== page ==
We all know that Jordan Spieth uses a bit of an unorthodox method for rolling short putts. You’ve seen it: He aligns, gets comfortable, then stares at the hole while he pulls the putter back.
The other thing he’s staring at is an end of season bonus check for $10M.
During the Tour Championship, he made a “big change” to that strange putting process. “I started using the line on the ball to line the ball up on putts that were non-feel based,” Spieth said. “I felt my alignment with my putter was bit off, and it was.”
He made tons of clutch par putts coming home which often times are even more confidence-boosting than birdies. For the week, Spieth finished third in total putts, first in putts-made distance (easy when you make 25% from 20-25ft!), and an unbelievable 61 for 66 in putts under 10 ft. Imagine holing 92% from 10 feet and in. How many strokes could you save?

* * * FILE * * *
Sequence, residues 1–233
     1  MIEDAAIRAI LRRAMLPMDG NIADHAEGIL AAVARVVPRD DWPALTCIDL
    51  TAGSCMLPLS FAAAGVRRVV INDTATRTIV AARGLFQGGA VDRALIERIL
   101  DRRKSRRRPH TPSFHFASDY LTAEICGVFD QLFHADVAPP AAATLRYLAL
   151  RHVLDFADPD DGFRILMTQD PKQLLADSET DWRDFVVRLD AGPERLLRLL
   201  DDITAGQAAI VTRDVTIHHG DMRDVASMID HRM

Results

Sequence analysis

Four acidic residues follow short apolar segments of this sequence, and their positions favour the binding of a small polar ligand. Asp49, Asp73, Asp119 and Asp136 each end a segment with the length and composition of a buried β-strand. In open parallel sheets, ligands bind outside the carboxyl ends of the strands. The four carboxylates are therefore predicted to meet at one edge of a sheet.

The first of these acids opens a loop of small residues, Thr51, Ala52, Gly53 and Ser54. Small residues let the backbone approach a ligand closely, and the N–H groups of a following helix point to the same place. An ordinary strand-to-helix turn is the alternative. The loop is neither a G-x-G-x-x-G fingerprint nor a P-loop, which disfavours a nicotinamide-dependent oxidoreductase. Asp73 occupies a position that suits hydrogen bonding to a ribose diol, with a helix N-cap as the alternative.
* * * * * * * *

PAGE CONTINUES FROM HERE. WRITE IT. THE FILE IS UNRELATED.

“What this line did, it allowed me to find a good spot right in front of the ball where I can look at to roll it over,” Spieth said.
My gosh, it’s like he’s writing our script for us.
The 22 year, 2 month old kid from Dallas capped off a $22M year on the PGA Tour, breaking records he only dreamed about growing up. He’s the youngest to amass 5 wins since Horton Smith (age 21), and the youngest ever to win the FedEx Cup.
But the thing that people gravitate towards more than the recent celebrity status is his unwavering and relentless dedication to doing good in the world, above anything else. When asked how he planned on spending his earnings, Spieth replied that he’d “help those who made this possible.” The Texan often credits his “team” for his successes on Tour. Although he realizes he’s the one out there grinding and hitting the shots, he always commends the physical, mental, and emotional support provided by his inner circle.
What a true gentleman. What a historic season. What a great time to be into the game of golf.